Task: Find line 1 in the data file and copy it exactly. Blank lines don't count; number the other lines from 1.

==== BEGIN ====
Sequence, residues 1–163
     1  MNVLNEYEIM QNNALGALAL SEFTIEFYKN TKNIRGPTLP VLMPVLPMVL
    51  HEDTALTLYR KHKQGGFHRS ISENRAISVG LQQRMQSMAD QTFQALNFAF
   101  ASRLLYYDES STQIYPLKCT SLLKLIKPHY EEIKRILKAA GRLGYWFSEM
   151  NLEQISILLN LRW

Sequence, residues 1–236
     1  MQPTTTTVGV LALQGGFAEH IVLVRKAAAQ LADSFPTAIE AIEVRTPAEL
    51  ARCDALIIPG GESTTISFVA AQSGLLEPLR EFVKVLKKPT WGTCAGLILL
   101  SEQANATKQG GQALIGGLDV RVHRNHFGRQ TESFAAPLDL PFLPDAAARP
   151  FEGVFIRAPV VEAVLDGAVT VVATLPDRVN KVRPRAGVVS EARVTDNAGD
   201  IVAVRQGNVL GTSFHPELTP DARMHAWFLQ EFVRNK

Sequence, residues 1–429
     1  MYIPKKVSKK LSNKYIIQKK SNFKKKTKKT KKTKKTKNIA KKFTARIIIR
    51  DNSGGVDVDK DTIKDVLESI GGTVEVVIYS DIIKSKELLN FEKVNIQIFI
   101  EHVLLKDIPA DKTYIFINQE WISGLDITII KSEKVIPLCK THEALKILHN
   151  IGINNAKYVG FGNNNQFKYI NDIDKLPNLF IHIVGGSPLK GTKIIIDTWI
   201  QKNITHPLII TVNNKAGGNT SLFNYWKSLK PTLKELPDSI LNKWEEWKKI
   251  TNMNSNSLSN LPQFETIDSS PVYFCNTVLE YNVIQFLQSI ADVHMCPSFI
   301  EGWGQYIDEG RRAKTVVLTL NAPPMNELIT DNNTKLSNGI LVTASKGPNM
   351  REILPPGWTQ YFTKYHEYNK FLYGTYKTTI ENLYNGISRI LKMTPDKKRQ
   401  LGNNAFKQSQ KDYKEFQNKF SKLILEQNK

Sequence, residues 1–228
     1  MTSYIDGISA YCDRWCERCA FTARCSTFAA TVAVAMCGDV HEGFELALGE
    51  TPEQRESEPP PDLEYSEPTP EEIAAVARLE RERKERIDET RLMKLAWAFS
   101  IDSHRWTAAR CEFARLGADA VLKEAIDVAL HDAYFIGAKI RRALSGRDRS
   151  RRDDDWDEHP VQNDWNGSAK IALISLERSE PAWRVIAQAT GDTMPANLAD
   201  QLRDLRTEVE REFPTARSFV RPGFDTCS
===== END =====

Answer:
Sequence, residues 1–163